I bought a new longsword (after breaking the last one twice). And of course I had to test it, so I took a basic-level Fiore class for the first time in ages.

What keeps surprising me is that I learn nothing new in basic-level classes, even though it's been over a year (or two... or three...) since I attended even semi-semi-regularly. The drills are not exactly the same, but because the basics are embedded in my spine, I get everything on an intellectual level. Certainly execution lags behind reason, both because I'm out of shape and because yes, it's been a while, but I'm not learning anything as I understand learning.

I have two Big Learning Things in my life that I can't seem to shake and that I keep wanting to learn more of: swordsmanship and English. The way I now learn English is to make it work for me. I write in English, I work in English, I read in English, and every now and then I learn a new tidbit about how English works. This all keeps me interested.

With swords, I have no way of making it work for me. Going to classes is like taking beginner-level courses in a  language for the fifth time, never advancing. But I also can't take more advanced Fiore classes, because they assume an intimate familiarity with set drills and exercises that I no longer have (which is a real handicap as I truly suck at remembering and executing specific series of movements). This annoys me. Yes, I could start German style longsword, but that would be like taking the Chinese basic level class for the third time - only marginally less boring.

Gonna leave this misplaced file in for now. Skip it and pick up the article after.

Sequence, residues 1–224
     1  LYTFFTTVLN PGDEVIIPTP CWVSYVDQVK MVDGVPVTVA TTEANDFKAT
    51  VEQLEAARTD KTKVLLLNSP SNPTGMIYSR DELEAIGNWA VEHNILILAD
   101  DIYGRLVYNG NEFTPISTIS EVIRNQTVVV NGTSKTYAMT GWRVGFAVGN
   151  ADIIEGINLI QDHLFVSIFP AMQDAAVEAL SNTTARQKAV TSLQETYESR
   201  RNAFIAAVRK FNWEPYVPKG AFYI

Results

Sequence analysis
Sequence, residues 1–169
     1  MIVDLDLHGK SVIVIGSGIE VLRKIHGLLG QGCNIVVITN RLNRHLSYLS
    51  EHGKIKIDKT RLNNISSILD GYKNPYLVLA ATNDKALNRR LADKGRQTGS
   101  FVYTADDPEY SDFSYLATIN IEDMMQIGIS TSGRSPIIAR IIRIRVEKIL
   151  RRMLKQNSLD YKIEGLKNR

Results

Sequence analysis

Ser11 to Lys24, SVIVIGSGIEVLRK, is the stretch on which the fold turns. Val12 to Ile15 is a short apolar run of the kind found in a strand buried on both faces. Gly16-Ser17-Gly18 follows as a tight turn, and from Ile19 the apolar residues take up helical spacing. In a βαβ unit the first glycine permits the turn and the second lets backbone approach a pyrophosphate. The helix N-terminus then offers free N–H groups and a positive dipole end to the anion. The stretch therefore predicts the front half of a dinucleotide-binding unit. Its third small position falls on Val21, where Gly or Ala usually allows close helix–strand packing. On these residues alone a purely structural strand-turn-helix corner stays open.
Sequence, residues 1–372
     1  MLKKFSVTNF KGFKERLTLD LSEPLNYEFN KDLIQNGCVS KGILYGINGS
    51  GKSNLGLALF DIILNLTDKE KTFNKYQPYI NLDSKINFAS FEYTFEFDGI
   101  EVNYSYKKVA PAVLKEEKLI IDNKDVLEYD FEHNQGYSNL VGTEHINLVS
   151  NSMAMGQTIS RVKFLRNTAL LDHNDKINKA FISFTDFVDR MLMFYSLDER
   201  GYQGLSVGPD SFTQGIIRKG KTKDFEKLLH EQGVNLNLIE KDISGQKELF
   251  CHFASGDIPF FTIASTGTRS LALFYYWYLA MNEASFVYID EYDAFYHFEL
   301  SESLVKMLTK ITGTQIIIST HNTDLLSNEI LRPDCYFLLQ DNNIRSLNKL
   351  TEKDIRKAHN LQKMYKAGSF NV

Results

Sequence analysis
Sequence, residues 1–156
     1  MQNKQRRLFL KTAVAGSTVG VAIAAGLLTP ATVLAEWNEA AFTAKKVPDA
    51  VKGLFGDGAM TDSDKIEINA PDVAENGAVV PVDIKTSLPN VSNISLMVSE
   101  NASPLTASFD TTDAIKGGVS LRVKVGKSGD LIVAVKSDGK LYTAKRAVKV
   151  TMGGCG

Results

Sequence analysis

So how to make swordsmanship work for me? I can't teach it. I can't enlist in a 15th century mercenary army. What to do?

Anyone want to start a Sword Fight Club with me in Espoo? We could just do freeplay, at whatever speed is good for the parties concerned. We'd need an experienced arbitrator (like Guy or Ilkka or someone).

Friday, April 08, 2011

First things first

Ilkka gave private lessonettes today (an actual lesson would be longer than five minutes :)  Unsurprisingly, mine was about not fudging things together but doing separate things separately. Like, for instance, first ensuring I don't get hit, and only then hitting the other guy.

You'd think I would have learned this in nine years of swords, but then, you'd think that of a lot of stuff I've failed to learn.

Sunday, March 06, 2011

Learning to fence, part II

So, it's been a while since I went to the SESH salle. In fact, I'm afraid I may have let my membership lapse by mistake, but then again, not only is the school no longer in desperate need of my euros, but I've begun to think that paying, on average, 50 euros per class may not be the best possible use of my limited funds. (Annual fee + monthly training fee comes to about that, if I manage to attend one class a month. But numbers are not my strong suite.)